Tri-sector partnership aims to clean up Vermont’s Lake Champlain

blogimage_VermontWaterLake Champlain serves many purposes for the people of Vermont, from allowing for recreational activities like fishing, swimming, and boating, to providing drinking water and attracting a workforce to the northeast section of the state. But these activities are at risk from polluted runoff that is entering the lake and causing levels of phosphorous and other pollutants to rise. A new partnership between the Vermont Department of Environmental Conservation, Vermont’s chapter of The Nature Conservancy, and Keurig Green Mountain, Inc. aims to address the water quality challenges in Lake Champlain, reports Vermont Business Magazine.

Vermont has a history of cross-sector collaboration with its Clean Water Initiative, a partnership among City and State agencies, local and regional partners, farmers, businesses, and the public to ensure the public’s access to clean and safe water throughout the state. By bringing these diverse partners together, the Initiative aims to improve smart farm practices, reduce polluted runoff from developed lands like highways and roads, use the state’s “natural infrastructure” to reduce stormwater pollution and erosion, and support cities and farmers in meeting the state’s clean water goals.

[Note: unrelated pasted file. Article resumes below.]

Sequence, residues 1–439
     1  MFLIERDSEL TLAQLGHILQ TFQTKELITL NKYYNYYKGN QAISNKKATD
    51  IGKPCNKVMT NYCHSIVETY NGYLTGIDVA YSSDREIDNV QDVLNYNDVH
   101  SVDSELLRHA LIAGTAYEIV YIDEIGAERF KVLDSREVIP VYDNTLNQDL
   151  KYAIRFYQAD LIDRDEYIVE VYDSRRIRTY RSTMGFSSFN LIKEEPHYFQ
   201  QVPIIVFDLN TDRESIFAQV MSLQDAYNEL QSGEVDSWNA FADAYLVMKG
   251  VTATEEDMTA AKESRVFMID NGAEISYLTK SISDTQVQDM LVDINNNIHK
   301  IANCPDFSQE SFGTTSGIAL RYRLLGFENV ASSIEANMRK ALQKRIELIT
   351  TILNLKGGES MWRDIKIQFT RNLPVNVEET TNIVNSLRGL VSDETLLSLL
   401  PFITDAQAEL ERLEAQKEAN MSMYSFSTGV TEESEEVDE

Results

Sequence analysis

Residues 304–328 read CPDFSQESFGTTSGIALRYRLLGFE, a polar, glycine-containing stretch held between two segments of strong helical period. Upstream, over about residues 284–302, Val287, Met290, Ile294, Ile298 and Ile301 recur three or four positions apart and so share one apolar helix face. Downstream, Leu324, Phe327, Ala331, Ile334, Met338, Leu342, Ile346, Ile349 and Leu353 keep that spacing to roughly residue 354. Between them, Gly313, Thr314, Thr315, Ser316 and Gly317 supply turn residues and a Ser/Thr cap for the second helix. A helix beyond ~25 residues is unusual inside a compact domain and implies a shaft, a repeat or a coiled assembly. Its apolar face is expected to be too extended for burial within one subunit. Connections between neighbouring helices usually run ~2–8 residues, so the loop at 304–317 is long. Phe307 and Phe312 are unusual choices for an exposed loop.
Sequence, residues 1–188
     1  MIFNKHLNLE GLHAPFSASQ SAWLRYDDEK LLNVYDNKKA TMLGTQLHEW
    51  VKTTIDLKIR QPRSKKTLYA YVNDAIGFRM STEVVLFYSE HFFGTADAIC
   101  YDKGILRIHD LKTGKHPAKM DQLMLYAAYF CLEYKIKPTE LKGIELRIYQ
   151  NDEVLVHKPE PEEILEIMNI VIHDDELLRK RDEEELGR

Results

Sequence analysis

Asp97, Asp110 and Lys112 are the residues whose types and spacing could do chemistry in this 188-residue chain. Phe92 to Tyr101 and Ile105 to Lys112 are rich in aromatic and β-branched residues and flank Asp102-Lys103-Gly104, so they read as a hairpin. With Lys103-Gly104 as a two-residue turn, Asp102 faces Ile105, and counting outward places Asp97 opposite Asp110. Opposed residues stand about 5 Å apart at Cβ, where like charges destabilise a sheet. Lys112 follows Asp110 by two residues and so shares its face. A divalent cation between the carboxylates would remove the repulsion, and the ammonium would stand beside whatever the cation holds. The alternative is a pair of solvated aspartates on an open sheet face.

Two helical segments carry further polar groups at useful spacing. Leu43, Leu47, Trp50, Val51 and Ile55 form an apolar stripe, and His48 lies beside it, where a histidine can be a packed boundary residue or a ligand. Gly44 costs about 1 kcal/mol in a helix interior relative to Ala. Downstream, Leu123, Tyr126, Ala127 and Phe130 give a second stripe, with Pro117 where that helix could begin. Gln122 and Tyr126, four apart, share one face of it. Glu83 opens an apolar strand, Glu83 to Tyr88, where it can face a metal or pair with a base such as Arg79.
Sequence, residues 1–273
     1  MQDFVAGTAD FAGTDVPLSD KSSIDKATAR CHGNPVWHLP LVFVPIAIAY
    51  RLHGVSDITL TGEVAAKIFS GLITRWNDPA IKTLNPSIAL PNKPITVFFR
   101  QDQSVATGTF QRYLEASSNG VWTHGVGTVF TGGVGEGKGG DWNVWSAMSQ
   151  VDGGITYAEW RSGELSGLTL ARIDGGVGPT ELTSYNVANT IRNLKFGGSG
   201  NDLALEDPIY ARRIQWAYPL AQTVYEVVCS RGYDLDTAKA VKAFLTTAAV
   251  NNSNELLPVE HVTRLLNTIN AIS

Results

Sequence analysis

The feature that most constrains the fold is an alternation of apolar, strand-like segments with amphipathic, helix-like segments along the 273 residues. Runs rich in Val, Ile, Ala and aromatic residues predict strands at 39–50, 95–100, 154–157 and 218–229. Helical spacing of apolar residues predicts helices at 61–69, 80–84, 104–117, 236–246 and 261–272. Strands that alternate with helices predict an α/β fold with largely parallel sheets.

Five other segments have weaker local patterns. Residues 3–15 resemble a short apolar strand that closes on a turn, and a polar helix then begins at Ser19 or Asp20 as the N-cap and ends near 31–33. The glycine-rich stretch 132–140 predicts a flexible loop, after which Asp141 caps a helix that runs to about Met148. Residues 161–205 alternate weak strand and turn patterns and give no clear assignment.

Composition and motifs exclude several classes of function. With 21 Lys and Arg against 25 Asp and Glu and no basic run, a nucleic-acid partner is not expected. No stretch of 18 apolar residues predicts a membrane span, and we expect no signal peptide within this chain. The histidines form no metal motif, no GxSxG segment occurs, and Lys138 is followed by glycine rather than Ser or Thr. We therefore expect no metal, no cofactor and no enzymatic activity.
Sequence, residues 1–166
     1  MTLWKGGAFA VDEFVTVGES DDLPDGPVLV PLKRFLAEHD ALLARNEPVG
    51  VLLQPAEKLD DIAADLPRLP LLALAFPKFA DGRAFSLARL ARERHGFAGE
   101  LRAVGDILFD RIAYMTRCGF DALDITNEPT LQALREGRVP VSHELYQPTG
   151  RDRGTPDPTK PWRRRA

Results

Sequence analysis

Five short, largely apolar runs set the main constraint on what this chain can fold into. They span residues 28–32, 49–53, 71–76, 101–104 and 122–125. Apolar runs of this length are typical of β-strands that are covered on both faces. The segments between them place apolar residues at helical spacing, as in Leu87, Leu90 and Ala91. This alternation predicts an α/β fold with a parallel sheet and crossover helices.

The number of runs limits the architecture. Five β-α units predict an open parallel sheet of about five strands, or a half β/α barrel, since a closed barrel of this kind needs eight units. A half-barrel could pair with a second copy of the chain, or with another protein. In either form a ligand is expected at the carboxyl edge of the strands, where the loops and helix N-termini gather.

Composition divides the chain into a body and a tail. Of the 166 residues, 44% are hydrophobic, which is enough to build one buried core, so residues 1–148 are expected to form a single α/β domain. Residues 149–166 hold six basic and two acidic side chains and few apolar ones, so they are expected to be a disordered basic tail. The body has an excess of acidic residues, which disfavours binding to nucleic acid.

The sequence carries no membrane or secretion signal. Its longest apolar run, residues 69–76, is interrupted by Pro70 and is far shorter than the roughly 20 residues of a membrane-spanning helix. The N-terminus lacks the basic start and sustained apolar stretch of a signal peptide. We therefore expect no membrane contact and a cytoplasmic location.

The new tri-sector initiative builds on this existing work to target Lake Champlain. “We know that improving and maintaining water quality is a complex challenge that requires the collaboration of private and public sector organizations,” explained Monique Oxender, Keurig’s Chief Sustainability Officer.

One of the collaboration’s first goals will be to jointly develop the Clean Water Roadmap, a watershed management tool that will help prioritize water quality projects across Vermont, including evaluations for phosphorus reduction in the Vermont portion of the Lake Champlain watershed. The Roadmap provides an excellent example of how a collaboration can Build a Common Fact Base — the consensus among collaboration partners as to what facts relating to the issue are most relevant. Joint recognition of what data is relevant to the collaboration allows participants to determine how best to proceed, before moving on to Share a Vision of Success. According to Deb Markowitz, Secretary of the Agency of Natural Resources, “The Clean Water Roadmap will allow us to be strategic and target the biggest water pollution sources for cleanup first.”

In addition to creating the roadmap, the collaboration will also work to conserve and restore parcels along the Lake Champlain corridor to prevent further phosphorus run-off and rebuild flood plains that naturally filter out nutrients. “Nature-based solutions are a win-win for many of the environmental challenges we face today,” Heather Furman, State Director for The Nature Conservancy, told Vermont Business Magazine. “By harnessing and restoring our natural assets such as floodplains, we can cost effectively clean our waters while providing habitat for wildlife and improving flood resiliency.”